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Answered 2009-06-10 05:35:41

ratio of protons to neutrons.

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What ratio can be used to predict the stability of an atom?

This is the protons/neutrons ratio in the atomic nucleus.


The stability of an isotope nucleus depends on?

neutron to proton ratio :)


The stability of an isotope nucleus depends on what?

Neutron/Proton Ratio


The stability of an isotope nucleus depends on the?

neutron to proton ratio


What are the nuclear transformations to be exercised by a nuclide to attain stability?

AnswerNuclear transformation is what happens to an unstable atom nucleus when exercising changes to attain stability. The stability of a nucleus depends on the ratio of neutrons to protons in this nucleus and on the absolute number of protons that should not exceed certain limit. For a nucleus with neutron/proton ratio higherthan the corresponding stability ratio, two nuclear transformations may occur to decrease the ratio in the nucleus in order to reach stability:neutron transformation to proton plus electron where the proton remains in the nucleus and the electron is emitted from the nucleus as beta radiationemitting neutron from the nucleus as neutron radiation (this transformation is relatively rare. Example of this transformation is the unstable Krypton-87For a nucleus with neutron/proton ratio lower than the corresponding stability ratio, two nuclear transformations may occur to increase the ratio in the nucleus in order to reach stability:proton transformation to neutron plus positron where the neutron remains in the nucleus and the positron is emitted from the nucleus as positive beta radiationproton attraction of one electron from the nearest orbit to the nucleus to form neutron that remains in the nucleus.For an unstable nucleus with with number of protons exceeding the stability limit, it may reach stability with one or more of the above four nuclear transformations and/or by:fission (or splitting) of the nucleus into two or more smaller nuclei (called fragments) with emission of one or more neutrons (as the spontaneous fission of some heavy nuclei).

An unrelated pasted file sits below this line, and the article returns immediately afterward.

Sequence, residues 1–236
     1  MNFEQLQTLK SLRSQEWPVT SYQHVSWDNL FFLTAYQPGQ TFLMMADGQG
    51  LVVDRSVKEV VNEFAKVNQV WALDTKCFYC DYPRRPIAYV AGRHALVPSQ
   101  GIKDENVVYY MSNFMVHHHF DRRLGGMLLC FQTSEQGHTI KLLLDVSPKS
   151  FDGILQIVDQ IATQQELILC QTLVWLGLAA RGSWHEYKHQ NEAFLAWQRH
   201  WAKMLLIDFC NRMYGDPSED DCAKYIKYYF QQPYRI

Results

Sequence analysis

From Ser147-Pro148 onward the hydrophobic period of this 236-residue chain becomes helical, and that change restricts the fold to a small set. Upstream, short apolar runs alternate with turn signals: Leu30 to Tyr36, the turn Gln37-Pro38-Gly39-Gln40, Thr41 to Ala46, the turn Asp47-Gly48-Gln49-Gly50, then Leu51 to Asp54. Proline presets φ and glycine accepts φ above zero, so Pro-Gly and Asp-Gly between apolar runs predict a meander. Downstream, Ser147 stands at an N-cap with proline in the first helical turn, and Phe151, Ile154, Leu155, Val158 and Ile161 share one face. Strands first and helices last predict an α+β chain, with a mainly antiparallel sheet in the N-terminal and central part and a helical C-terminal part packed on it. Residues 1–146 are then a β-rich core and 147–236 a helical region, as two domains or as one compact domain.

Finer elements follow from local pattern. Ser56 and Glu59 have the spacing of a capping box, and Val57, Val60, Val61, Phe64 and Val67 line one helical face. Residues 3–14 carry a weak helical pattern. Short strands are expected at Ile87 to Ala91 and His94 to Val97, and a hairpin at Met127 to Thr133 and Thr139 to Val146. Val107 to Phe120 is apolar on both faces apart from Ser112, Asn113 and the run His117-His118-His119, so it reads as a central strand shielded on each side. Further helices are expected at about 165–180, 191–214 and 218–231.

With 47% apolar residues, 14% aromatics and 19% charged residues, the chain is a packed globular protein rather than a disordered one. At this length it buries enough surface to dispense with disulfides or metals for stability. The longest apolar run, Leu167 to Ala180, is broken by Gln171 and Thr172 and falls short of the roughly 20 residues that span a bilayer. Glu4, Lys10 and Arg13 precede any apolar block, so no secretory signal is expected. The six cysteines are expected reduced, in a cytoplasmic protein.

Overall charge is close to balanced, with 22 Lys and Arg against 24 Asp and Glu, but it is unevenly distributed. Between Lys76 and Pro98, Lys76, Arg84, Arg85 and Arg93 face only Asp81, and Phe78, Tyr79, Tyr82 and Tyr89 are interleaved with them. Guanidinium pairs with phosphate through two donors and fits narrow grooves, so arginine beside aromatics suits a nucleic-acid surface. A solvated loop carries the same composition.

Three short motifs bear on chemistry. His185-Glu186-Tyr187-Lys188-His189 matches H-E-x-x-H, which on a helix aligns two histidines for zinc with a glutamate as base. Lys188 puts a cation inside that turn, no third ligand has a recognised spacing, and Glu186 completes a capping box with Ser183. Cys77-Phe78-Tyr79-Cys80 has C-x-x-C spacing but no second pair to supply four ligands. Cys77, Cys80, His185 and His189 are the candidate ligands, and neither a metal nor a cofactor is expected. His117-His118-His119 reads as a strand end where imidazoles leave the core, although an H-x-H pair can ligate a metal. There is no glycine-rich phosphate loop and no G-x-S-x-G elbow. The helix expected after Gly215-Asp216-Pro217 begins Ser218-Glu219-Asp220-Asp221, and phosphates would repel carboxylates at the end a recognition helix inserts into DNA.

How can atom attain stability?

Nuclear transformation is what happens to an unstable atom nucleus when exercising changes to attain stability. The stability of a nuclide depends on the ratio of neutrons to protons in this nucleus and on the absolute number of protons that should not exceed certain limit.For a nucleus with neutron/proton ratio higherthan the corresponding stability ratio, two nuclear transformations may occur to decrease the ratio in the nucleus in order to reach stability: * neutron transformation to proton plus electron where the proton remains in the nucleus and the electron is emitted from the nucleus as beta radiation * emitting neutron from the nucleus as neutron radiation (this transformation is relatively rare. Example of this transformation is the unstable Krypton-87 For a nucleus with neutron/proton ratio lowerthan the corresponding stability ratio, two nuclear transformations may occur to increase the ratio in the nucleus in order to reach stability: * proton transformation to neutron plus positron where the neutron remains in the nucleus and the positron is emitted from the nucleus as positive beta radiation * proton attraction of one electron from the nearest orbit to the nucleus to form neutron that remains in the nucleus. For an unstable nucleus with with number of protons exceeding the stability limit, it may reach stability with one or more of the above four nuclear transformations or by: * fission (or splitting) of the nucleus into two or more smaller nuclei (called fragments) with emission of one or more neutrons (as the spontaneous fission of some heavy nuclei ).


What are examples of nuclear transformations?